On 3 April 1871 the Paris Commune declared the separation of the Church and state, reviving the debate around the use of the Madeleine.  In the eyes of the Commune, the Church was complicit in the tyranny of the monarchy, and, as a result, a policy of secularisation was enacted throughout Paris. The peak of this was the execution of a number of high-ranking members of the clergy. On 24 May, the fourth day of the so-called ‘Bloody Week’, Abbé Deguerrty, the curé of the Madeleine, was executed alongside the Archbishop of Paris. These executions were an act of retaliation against the execution of Communards by government troops, who were closing in on the city. In the ensuing days, the government’s grip on Paris tightened and by 28 May, the Communards succumbed to the government’s advances.
Had the Commune’s seizure of power not been over so soon, the fate of the Madeleine itself may have mirrored that of Abbé Deguerrty and the Archbishop. Hector Horeau, as the Commune’s ‘head of hygienic building’, saw the Madeleine as problematic, and in a commentary accompanying an 1869 drawing of the church, the architect outlined a twelve-step manifesto for remedying its grave inconvénients.  These included criticisms of its poor pedestrian and vehicular circulation and the removal of metal grills to prevent the buildup of refuse.
Interestingly, however, given the Commune’s opposition to the Church, Horeau did not include the Madeleine’s ecclesiastical function as one of its issues. In fact, what he did take issue with was its un-Christian character, or more accurately its imbalance between being a temple dedicated to Napoleon’s military glory and fitting the codified idea of what a church should be. To remedy this issue, as shown in the 1872 drawing, Horeau proposed the addition of four turrets to the building. Dedicated to the evangelists and featuring electric clocks and bells, these four turrets were Horeau’s method for adding to the Madeleine the Christian trappings that it lacked.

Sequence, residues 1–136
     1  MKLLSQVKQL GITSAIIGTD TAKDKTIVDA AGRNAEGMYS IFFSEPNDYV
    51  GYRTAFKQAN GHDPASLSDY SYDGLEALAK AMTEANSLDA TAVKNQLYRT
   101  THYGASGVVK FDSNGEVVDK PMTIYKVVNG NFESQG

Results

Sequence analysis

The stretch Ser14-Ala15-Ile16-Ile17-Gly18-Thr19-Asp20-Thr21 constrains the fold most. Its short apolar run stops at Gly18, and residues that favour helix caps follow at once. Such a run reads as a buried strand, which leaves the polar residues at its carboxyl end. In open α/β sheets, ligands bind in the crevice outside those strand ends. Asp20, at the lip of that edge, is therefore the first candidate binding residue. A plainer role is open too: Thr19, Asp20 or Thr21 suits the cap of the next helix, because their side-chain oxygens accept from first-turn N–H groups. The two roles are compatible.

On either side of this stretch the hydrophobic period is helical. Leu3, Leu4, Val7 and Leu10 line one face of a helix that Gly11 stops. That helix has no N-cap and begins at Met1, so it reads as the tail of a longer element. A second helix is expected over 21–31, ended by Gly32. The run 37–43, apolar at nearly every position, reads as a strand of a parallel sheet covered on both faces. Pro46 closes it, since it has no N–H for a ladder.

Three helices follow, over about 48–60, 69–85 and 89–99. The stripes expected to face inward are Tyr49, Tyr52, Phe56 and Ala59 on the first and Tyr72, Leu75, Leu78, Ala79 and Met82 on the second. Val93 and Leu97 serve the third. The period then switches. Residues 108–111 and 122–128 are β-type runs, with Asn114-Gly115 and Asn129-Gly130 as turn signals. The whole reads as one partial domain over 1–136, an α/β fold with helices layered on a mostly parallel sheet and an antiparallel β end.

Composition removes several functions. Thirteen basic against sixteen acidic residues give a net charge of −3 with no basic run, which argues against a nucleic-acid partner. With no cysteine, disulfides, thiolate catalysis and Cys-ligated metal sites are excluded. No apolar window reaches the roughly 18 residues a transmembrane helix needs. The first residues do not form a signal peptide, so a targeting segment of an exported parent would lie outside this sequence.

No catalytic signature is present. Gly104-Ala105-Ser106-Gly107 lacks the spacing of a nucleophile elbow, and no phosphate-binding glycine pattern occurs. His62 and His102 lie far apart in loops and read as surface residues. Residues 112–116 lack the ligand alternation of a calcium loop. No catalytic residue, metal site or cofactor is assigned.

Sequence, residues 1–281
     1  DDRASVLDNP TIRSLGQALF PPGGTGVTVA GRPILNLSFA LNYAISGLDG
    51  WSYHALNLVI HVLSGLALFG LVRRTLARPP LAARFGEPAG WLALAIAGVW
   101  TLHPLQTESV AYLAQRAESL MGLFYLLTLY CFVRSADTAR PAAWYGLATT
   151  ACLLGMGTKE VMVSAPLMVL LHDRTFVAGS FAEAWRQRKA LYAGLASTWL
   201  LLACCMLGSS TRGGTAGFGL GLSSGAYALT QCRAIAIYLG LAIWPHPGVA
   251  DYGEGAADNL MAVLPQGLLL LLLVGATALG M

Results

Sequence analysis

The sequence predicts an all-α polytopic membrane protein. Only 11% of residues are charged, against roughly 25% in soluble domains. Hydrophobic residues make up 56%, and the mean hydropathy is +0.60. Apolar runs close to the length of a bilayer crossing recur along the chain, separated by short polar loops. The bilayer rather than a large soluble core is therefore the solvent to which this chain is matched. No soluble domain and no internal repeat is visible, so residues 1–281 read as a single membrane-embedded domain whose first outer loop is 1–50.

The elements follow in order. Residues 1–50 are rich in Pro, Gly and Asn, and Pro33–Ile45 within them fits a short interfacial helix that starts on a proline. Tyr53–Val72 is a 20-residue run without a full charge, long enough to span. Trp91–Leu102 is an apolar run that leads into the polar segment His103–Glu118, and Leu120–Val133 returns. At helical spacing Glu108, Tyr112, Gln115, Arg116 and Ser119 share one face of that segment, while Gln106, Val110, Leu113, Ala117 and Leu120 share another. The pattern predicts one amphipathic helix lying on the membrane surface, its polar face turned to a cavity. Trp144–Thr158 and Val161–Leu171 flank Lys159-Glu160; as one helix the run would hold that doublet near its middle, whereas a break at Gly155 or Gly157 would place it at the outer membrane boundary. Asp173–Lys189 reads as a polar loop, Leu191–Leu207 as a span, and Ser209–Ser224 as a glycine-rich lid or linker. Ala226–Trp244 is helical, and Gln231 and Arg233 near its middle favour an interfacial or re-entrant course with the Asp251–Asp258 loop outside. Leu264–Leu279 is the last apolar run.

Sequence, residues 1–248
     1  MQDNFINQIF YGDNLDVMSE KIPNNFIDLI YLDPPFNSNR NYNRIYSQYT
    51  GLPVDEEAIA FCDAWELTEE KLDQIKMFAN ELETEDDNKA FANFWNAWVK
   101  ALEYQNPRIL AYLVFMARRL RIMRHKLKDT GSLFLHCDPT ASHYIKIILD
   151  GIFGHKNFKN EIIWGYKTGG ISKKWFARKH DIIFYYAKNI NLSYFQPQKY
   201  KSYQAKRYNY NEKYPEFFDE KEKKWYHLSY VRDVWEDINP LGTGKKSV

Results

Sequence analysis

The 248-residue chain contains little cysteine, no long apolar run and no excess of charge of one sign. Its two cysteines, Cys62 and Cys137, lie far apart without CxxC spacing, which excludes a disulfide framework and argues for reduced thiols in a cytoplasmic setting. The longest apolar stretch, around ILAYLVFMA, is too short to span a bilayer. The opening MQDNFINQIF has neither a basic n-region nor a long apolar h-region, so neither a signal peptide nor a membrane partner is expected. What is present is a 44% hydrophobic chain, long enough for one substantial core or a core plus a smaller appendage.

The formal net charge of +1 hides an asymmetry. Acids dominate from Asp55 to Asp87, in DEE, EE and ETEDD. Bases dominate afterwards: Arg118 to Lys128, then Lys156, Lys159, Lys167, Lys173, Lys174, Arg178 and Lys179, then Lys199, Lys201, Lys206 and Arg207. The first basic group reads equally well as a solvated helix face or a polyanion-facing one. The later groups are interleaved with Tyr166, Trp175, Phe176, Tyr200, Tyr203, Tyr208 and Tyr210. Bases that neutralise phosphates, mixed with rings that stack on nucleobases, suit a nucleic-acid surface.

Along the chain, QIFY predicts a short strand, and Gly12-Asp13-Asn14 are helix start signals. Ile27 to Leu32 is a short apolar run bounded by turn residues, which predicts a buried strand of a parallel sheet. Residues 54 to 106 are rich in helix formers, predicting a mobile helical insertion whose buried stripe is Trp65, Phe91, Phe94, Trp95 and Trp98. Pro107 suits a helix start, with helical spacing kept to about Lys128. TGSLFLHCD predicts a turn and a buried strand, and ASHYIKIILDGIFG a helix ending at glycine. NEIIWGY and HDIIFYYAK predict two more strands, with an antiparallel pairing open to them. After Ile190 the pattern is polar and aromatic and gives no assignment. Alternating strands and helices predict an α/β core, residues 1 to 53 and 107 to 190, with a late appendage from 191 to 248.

Horeau’s interest in making the building more conventionally Christian may seem contradictory, but it represents a desire to disassociate the building with Napoleon. The destruction of the Vendôme Column during the Commune, which had been described by the artist Gustave Courbet as a ‘symbol of brute force and false glory’, reflected similar antipathy towards Napoleon and his imperial rule of France. However, in contrast to the demolition of the column, as shown in the 1871 drawing, Horeau’s alterations were not solely iconoclastic: he desired to transform a symbol of Napoleonic imperialism into a civic building that prioritised cleanliness and rationalisation, and would serve the citizens of Paris.